This is a popular coding problem often used in technical interviews to assess a candidateās understanding of string manipulation and sliding window algorithms.

The goal of this problem is to find the length of the longest substring within a given string that does not contain any repeating characters.

```
Input: s = "abcabcbb"
Output: 3
Explanation: The answer is "abc", with the length of 3.
```

This problem can be efficiently solved using the āsliding windowā technique. The idea is to maintain a sliding window (a substring) that contains only unique characters. As you iterate through the string, you expand the right end of the window when you encounter a new character and shrink the left end when you encounter a repeating character. Keep track of the maximum length of the window as you go.

Hereās a C++ solution:

```
#include <iostream>
#include <string>
#include <unordered_set>
using namespace std;
int lengthOfLongestSubstring(string s) {
unordered_set<char> charSet;
int maxLength = 0;
int left = 0;
for (int right = 0; right < s.length(); ++right) {
while (charSet.count(s[right]) > 0) {
charSet.erase(s[left]);
left++;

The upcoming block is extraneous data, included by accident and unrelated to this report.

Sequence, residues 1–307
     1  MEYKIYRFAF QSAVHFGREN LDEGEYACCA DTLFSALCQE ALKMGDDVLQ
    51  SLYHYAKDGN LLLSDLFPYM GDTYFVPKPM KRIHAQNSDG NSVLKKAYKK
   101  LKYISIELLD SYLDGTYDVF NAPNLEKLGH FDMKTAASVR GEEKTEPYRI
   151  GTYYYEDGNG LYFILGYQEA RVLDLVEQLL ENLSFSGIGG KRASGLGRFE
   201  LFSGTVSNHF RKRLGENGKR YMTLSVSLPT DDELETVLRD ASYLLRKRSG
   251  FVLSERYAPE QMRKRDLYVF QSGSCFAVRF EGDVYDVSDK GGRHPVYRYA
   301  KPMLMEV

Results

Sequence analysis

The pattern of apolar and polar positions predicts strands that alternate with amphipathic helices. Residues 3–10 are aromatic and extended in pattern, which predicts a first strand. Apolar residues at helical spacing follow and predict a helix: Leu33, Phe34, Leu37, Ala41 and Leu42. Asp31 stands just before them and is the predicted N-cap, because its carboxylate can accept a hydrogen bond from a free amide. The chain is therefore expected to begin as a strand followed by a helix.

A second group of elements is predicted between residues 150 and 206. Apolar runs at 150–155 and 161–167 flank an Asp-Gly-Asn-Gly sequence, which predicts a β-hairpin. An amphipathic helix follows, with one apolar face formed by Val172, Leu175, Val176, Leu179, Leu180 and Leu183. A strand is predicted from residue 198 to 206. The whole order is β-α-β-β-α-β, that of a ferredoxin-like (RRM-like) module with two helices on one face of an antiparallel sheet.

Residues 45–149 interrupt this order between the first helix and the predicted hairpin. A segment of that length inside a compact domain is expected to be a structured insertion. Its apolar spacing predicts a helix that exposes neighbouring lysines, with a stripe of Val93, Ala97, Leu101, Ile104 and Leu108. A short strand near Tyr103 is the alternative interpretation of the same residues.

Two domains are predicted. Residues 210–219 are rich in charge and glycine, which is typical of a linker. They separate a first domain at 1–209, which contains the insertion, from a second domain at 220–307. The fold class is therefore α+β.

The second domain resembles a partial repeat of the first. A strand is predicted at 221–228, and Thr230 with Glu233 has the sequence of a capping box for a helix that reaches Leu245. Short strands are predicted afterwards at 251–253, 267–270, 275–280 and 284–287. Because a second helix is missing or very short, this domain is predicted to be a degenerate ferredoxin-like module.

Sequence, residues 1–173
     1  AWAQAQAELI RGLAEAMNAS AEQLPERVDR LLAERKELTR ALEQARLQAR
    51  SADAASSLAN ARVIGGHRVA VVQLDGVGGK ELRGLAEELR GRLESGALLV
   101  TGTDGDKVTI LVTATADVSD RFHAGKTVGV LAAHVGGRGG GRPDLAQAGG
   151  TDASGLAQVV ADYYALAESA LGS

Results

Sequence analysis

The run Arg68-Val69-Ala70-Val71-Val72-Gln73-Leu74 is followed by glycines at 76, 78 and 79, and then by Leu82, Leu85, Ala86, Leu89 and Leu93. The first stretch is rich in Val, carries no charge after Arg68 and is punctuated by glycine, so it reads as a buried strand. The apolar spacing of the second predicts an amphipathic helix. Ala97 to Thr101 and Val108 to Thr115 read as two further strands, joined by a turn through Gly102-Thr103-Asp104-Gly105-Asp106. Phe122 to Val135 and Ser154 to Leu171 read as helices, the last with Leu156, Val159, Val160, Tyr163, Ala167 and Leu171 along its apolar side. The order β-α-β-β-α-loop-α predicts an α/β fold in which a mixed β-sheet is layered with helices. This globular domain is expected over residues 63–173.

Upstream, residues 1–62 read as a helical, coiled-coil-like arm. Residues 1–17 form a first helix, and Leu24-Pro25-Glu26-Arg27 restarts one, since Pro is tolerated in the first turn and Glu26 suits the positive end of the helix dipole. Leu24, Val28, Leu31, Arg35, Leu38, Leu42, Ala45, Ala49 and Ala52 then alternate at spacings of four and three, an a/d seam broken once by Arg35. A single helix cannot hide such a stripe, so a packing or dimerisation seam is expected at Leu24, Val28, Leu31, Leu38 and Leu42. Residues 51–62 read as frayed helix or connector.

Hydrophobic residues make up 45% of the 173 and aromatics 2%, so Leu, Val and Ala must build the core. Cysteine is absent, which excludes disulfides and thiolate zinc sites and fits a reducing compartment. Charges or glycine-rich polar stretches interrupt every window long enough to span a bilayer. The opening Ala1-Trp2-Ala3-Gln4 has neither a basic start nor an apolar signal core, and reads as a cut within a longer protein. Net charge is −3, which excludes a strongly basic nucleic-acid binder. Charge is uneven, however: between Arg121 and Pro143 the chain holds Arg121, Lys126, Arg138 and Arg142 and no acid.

}
charSet.insert(s[right]);
maxLength = max(maxLength, right - left + 1);
}
return maxLength;
}
```

The time complexity of this solution is $O(n)$, where $n$ is the length of the input string. The algorithm iterates through the given string once, and during each iteration, it performs constant-time operations (inserting and erasing from the unordered set) to maintain the sliding window.

The space complexity is determined by the space used by the unordered set to store unique characters within the sliding window. In the worst case, the sliding window may contain all characters in the input string, so the space complexity is $O(n)$. However, since the number of distinct characters in the set is limited (itās the size of the character set, typically 256 for extended ASCII characters), the space complexity can be considered $O(1)$ for practical purposes.